What ASK systems and the Story Archive offer is a way to open up the walls of the classroom. They give teachers a way to bring in outside help. One of our systems contains clips from Jimmy Carter, Ronald Reagan, and Gerald Ford. When a student develops a question concerning how a President might react to a proposal, such systems allow a President to give an answer. When a student wants to know about the implications of a historical movement, a world expert on history can suggest an answer.
Such resources have been available before, of course, in books and film strips. But they have not been accessible. Libraries can be seen as enormous passive buckets of content. They contain many answers but those answers are tough to get to. To find an answer, you first need to physically go to the library. Then, you need to state your questions in terms the library's systems understand, such as Dewey Decimal System. Using Dewey Decimal-ese you locate a number of "content units" that might contain what you want. The "content units" libraries deal in are complete works (books, movies, articles). So, you go to the stacks, pulling out these content units and thumbing through them. If you are lucky, you find what you need.
Small wonder few students are known for the depth of their library research. Librarians can help, of course, but only so much. They cannot know which parts of which books are relevant. They cannot have the stacks of the library immediately at their fingertips. Learning by exploring environments offer a different vision, one in which the place of research is no longer different than the place of activity. Rather than a passive library, they provide active accessible databases. When students are working through a problem in the classroom, they should be able to immediately access an ASK system, without interrupting what they are doing. They should be able to access the world's experts and have something like a conversation with them, trading off the experts' points of view while developing their own. With this possibility, the idea of a self-directed education becomes just that much more reasonable to consider. Why not have a collection of Nobel Prize winners as your own personal physics teachers? Technology makes this possible.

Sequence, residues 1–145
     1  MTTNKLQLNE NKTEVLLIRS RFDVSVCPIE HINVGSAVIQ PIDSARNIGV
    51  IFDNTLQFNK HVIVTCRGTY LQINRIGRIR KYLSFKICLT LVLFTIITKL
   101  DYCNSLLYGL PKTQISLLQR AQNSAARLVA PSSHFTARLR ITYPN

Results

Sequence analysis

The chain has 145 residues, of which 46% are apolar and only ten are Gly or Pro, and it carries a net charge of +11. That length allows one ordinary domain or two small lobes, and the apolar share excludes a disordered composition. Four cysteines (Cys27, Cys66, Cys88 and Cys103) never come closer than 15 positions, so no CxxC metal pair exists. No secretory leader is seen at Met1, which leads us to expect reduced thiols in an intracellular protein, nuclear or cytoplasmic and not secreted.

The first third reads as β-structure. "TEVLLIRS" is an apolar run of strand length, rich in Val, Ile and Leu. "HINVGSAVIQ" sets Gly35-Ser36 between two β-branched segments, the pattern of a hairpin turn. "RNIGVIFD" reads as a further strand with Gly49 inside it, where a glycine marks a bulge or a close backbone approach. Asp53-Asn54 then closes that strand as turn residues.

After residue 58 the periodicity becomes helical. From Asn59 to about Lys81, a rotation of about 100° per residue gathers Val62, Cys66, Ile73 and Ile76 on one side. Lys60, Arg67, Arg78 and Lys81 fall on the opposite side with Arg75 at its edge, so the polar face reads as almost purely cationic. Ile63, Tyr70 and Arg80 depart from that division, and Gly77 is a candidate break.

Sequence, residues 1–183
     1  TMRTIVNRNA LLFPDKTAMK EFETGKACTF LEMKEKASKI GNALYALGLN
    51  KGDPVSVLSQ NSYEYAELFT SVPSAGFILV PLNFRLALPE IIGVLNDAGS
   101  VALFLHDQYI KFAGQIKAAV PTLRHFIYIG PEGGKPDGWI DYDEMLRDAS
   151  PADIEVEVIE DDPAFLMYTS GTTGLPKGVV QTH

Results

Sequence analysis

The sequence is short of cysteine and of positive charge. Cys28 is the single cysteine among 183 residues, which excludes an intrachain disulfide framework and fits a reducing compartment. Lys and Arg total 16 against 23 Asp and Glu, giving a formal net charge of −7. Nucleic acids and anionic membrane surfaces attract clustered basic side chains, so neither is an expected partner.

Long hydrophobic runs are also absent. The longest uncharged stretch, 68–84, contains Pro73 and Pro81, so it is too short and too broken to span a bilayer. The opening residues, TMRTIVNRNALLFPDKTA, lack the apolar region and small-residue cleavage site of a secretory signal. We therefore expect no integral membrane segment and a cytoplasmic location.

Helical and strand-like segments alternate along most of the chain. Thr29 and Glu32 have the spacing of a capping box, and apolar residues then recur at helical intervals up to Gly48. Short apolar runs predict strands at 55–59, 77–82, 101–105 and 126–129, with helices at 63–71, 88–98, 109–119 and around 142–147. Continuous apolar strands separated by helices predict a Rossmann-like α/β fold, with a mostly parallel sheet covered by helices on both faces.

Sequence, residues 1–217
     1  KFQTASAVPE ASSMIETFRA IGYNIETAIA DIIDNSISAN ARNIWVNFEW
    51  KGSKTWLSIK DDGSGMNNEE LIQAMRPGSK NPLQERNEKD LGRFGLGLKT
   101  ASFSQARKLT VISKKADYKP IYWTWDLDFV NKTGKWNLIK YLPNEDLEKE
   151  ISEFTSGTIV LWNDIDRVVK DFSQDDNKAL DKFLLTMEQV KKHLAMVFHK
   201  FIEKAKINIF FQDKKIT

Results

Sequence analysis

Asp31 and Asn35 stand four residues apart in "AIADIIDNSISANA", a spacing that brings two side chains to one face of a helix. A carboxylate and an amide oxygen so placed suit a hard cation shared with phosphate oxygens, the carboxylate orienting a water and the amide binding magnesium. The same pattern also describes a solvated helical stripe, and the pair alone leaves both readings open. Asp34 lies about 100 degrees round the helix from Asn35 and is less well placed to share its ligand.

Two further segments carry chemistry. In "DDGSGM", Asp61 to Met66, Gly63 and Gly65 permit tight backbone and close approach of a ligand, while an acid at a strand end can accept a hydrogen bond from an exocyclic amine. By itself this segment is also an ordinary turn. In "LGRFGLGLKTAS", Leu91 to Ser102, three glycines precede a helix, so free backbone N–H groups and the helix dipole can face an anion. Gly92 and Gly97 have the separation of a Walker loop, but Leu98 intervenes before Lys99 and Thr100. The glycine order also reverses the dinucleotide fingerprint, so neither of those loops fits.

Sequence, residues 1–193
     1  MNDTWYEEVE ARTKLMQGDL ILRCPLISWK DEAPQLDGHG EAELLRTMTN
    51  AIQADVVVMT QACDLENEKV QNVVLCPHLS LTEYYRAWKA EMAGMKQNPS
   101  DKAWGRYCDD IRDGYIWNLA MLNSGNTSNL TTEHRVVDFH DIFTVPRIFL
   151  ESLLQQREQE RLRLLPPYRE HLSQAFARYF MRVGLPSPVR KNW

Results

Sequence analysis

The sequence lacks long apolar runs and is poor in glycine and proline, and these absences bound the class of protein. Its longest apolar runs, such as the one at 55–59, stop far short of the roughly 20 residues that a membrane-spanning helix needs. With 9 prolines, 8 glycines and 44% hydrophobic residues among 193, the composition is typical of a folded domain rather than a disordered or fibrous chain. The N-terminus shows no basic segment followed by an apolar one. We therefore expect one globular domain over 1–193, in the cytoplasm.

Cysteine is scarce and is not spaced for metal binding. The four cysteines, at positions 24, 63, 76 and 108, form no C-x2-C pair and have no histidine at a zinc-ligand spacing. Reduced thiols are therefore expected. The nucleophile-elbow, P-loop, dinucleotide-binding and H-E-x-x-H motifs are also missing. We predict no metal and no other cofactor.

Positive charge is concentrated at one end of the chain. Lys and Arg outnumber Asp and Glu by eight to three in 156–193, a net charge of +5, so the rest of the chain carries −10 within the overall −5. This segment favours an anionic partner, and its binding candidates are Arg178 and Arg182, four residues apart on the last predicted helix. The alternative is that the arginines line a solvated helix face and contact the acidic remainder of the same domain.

Schools and Students Goals
Where am I in the content of the book?